Every once in awhile I witness a tricky tournament situation worth investigating — see last week’s column if you don’t believe me. I examine such situations further not only to familiarize players with various scenarios they may encounter, but also to educate event organizers by giving them the chance to hear what some of the game’s best tournament directors have to say.
This week, I look at a rather innocuous hand from the 2016 PokerStars Caribbean Adventure $100,000 Super High Roller. It happened in Level 4 (1,000/2,000/300) between online star Christoph “Tight-Man1” Vogelsang (pictured above) and 2015 Global Poker Index Player of the Year Byron Kaverman.
It began when Vogelsang raised to 5,200 from the hijack and Kaverman took his time before three-betting to 13,500 from the cutoff. The button and both blinds all folded, Vogelsang thought for nearly two minutes before four-betting to 38,500, and Kaverman thought for an equal amount of time before making the call.
The flop saw Vogelsang think for a while before betting 28,000 and Kaverman tank-called. The time taken for each decision would continue to increase on subsequent streets. For instance, both players checked the turn, but not before taking 90 seconds each to do so.
When the completed the board on the river, Vogelsang waited nearly two minutes before checking, and Kaverman waited the same before betting 107,000. Vogelsang then paused for another minute before stacking all but one of his chips — a single T100 chip capping his cards — and slid them in for an all-in check-raise to 130,400.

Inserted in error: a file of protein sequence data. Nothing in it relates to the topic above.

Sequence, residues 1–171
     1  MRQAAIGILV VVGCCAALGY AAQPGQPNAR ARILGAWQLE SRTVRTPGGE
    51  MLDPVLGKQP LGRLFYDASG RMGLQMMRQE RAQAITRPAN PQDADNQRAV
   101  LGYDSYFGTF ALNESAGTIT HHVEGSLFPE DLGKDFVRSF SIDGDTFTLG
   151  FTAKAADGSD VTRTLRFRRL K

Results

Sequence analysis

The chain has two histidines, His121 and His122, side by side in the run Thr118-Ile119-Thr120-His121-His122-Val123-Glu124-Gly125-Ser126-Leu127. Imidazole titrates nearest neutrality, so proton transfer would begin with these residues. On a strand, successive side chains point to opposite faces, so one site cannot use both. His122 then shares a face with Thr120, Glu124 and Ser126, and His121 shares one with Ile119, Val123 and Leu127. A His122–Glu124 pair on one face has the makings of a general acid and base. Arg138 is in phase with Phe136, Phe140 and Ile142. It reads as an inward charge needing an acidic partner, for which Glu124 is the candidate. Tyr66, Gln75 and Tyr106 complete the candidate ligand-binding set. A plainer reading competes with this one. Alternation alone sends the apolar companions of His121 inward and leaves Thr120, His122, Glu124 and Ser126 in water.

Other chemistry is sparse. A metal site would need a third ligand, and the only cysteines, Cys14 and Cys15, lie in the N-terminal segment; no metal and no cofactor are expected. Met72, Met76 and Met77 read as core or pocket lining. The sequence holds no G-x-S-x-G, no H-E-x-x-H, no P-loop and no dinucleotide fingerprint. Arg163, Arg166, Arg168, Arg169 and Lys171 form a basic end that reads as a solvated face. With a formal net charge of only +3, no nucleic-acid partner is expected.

The dealer then instructed him to put in the remaining 100, which brought the total up to 130,500. Kaverman thought for a minute before making the call, and Vogelsang tabled . Kaverman shook his head and showed before watching the pot pushed to his opponent.
The hand was fairly standard, but I couldn’t help but wonder about that lone chip. Vogelsang didn’t announce that he was all in, and the amount he pushed forward wasn’t technically enough for a raise. Had Kaverman argued it, could it have been interpreted as just a call?
I asked the tournament director, Luca Vivaldi, and he explained that it was clear Vogelsang intended to go all in, so that was how he would have ruled had Kaverman made a big deal out of it. I’m all for rulings based on “the fairness of the game,” and thought that was indeed the right way to interpret the situation.
That said, I have been in plenty of casinos where they are sticklers for the rules, meaning they have no flexibility when it comes to interpretation (I’ve always hated that). So what if this situation happened elsewhere? Would another tournament director rule otherwise?
“I read that and would have considered it a raise and all-in,” noted tournament director Matt Savage told me when I ran the situation by him. “There is no way I would change the action over a single 100 chip being used as a card cap.”
Likewise, Bill Bruce, tournament director for the Hollywood Poker Open, stated that he would have reached the same conclusion had it taken place on his tour.
“It seems pretty clear that he wants to go all in," Bruce explained. "I wouldn’t let the fact that he kept a chip to cap/protect his hand from accidental mucking factor into any decision. This is something that I do also when I go all in, however I verbalize ‘all in.’ After seeing dealers accidentally kill all-in hands — a scenario where the player has no options once his hand is gone — on multiple occasions through the years, I don’t think it’s unreasonable that he did that. It just seems clear to me that he is going all in.”
I know some players who would’ve made a big stink if they were in Kaverman’s shoes, but doing so, while perhaps technically within the rules, would have been in very poor taste. In this situation, where a lowest-denomination chip is left behind as a card protector while the rest of the all-in isn’t enough to constitute a legal raise, it seems most tournament directors agree — the player should be considered all in.